CAIR-Chicago is litigating this case on behalf of Ms. Smiley pro-bono
A Palestinian Muslim instructor filed a federal discrimination lawsuit Monday against Columbia College Chicago, claiming she was terminated after a student falsely reported she made an anti-Semitic comment in class.
Suriya H. Smiley filed the suit after being fired from the college for allegedly making an anti-Semitic remark to a student.
According to the student, Smiley said to him, “I should have known you were Jewish by the size of your nose,” the suit claims.
The suit alleges Smiley was treated less favorably than similarly situated employees who were not Palestinian or Arab when accused of “false allegations of misconduct,” the suit said.
Smiley, a woman of Palestinian national origin and Arab ancestry, was employed as a part-time faculty member in the Radio Dept. for 14 years, according to the suit. She was notified of the student’s complaint on Dec. 4, 2008, although officials would not give her specifics about the incident.
According to the suit, a teacher’s assistant and eight other students were present in class at the time and confirmed that Smiley never made the remark or any anti-Semitic statements.
Despite no evidence, the college refused to conduct an investigation into the student’s allegations and swiftly fired Smiley, the suit said. No witnesses were contacted or questioned.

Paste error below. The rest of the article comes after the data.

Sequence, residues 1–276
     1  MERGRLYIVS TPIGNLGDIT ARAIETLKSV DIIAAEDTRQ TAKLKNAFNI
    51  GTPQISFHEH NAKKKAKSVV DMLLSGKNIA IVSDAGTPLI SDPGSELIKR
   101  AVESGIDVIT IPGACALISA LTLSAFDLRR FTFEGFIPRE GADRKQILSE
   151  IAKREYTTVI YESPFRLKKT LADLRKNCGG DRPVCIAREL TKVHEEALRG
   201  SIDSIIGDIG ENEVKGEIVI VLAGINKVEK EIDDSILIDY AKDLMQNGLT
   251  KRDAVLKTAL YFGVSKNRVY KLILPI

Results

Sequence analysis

After several meetings with school officials, she was told of the nature of the complaint when she met with officials and a union representative on Jan. 13, 2009, the suit said. She denied the allegations and asked if assistant provost Louise Love or department chair Barbara Calabrese had questioned other students. Love later claimed she could not involve students in the matter.
On the day after the meeting, Love sent Smiley a letter informing her of her termination, the suit said. After receiving the letter, she requested a copy, although the IT department could not locate the document until days later.
She met with Love once again on Feb. 6, and was told she could not file an appeal due to her part-time status, the suit alleges.
The three-count federal suit — which claims one count of national origin discrimination and two counts of race discrimination — seeks all wages and benefits she would have received, in addition to compensatory and punitive damages.
It also seeks an order mandating Smiley be returned to her former position or receive pay in lieu of reinstatment, as well as attorney fees and any additional relief.
Copyright © Chicago Sun-Times News Group 2009.